Musings of a Malcontent: A Meat By Any Other Name - Eating from a Test Tube
"Musings of a Malcontent" is a weekly op-ed by GlobalWarmingisReal contributor Carlyle Coash
Here at Global Warming is Real we talk about important issues. The environment. Carbon emissions. Arctic ice the size of Manhattan breaking off into the sea. Solar energy. Water resources. Biofuels. Carbon Capture. Climate Science. Test Tube Meat.
You heard me (read me actually) - Test Tube Meat.
You know – meat grown in a tube so that animals will not be raised and slaughtered around the world - not to mention all the fecal waste, crop usage and damage to the aquifer that it incurs.
Mmm. Test Tube Meat.
Good eatin’ right there.
Apparently there is serious work going on right now to grow meat in a tube. Why not, right? We grow deadly diseases, babies and who knows what else in tubes, this seems like the next logical step. The process involves using stem cells from animal parts to try to grow meat. If we can re-grow a kidney, why not a tasty Kobe Beef Steak? It sounds like they almost have enough to piece together a sweet looking single hamburger at the moment. Plus, it only costs $250,000.
Can I get fries with that?
I’d like those grown in the test tube too, please. I wonder if they could use the stem cells from the fries at Super Dawg in Chicago (great fries) as the template for the test tube fry? It makes sense to use the best cells available – sorry McDonald’s – so my choice is Super Dawg. The real trick is growing them already deep-fried. Even better would be to genetically remove the trans-fat! I would totally invest in that.
Actually the bigger buzz this week surrounds a Stanford University molecular biologist that’s going sans test tube, working with vegetables to save the lives of all those meat lovers out there. How perfect to have vegetables as the ones to stop a triple bi-pass surgery from happening. It’s about time vegetables were given some kudos for being an absolutely excellent food group. So often groaned at, now people will be fighting over that amazing sirloin made from mushrooms. As said the oft-quoted Patrick Brown of Stanford University said:
"We have a class of products that totally rocks, and cannot be distinguished from the animal-based product it replaces, even by hardcore foodies.”
They are not quite ready to showcase these veggie delights, but soon I am sure the meat industry is just going to acquiesce to these magnificent replacements. They will see how much the switch to veggie substitutes will transform the world and that will be that. Soon cows, chickens and pigs – blind and weak from living under fluorescent lights in small cages – will be wandering the countryside finally free to live their lives in peace. They will be seen hobbling across this great land of ours, mutated but released from their servitude to the All American Meat Lovers diet.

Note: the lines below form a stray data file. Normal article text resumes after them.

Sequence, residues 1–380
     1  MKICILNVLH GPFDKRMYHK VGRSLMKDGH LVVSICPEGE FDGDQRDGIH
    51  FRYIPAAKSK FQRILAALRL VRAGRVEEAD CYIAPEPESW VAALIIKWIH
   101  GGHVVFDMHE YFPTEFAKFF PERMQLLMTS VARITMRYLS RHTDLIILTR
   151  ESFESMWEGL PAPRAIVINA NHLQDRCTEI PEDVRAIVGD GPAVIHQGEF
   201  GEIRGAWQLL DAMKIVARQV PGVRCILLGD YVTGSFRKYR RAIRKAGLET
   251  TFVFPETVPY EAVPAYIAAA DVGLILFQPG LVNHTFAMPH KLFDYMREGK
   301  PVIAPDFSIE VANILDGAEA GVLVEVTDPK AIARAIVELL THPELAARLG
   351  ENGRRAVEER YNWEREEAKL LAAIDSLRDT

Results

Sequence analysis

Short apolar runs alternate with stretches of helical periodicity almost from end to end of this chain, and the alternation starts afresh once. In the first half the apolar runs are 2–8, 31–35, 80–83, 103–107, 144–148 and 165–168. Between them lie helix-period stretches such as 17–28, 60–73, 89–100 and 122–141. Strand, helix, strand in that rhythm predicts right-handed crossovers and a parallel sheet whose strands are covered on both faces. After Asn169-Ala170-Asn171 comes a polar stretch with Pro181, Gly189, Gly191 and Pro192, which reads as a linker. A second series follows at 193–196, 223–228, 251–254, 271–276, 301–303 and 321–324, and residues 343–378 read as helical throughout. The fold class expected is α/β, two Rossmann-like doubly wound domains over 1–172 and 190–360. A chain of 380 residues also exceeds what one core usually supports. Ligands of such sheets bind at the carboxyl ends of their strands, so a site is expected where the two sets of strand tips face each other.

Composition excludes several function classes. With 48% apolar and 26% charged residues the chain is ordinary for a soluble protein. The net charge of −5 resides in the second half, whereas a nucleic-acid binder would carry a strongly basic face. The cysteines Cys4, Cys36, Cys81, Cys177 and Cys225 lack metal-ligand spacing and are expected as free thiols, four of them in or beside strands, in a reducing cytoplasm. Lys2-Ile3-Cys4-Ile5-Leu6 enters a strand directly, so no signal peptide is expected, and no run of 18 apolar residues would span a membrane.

After all, what do the meat companies have to lose? Subsidies. Government promotion. A rising demand for their product. Those are nothing compared to the changing of the world, the preservation of some rainforests and the improved health of our populous.
In one article I read oil and meat were compared as commodities. They are similar. Both cost a great deal to make. Both support an industry that harms natural resources and puts strain on the ecosystem. Both are subsidized. Both seem to have a complete death grip on the old proverbial collective jewels of the world.
Actually meat production appears to come out worse. In 1961 the total world supply of meat was 71 million tons. In 2007 it was estimated at 284 million tons. The U.S. alone handles about 15% of the world’s total – almost 10 billion killed every year. A United Nations report in 2006 stated that current production levels for meat contribute 14 to 22 percent of the 36 billion tons of greenhouse gases every year. Those were 2006 stats – by the way. I can only imagine the numbers in 2012.
So I wish them luck – these test tube, veggie product pioneers. I wish them luck – and speed – because the meat industry does not show much sign of stopping. If anything they are speeding up. Cheap, fast meat is the way of today – especially since it drives about 1,000 other industries.
All this food talk is making me hungry. Better go see how my test tube Filet Minion growth experiment is going. My cells came from a 5th generation pedigree Filet that I had flown here from the French countryside - only the best of course.
Yikes – I think I just saw it move.
- How Would You Like Your Test Tube Burger? (timzimmermann.com)
- What Would a Test-Tube Hamburger Taste Like? (ideas.time.com)
- First Synthetic Test Tube Meat Due Out This Fall (inquisitr.com)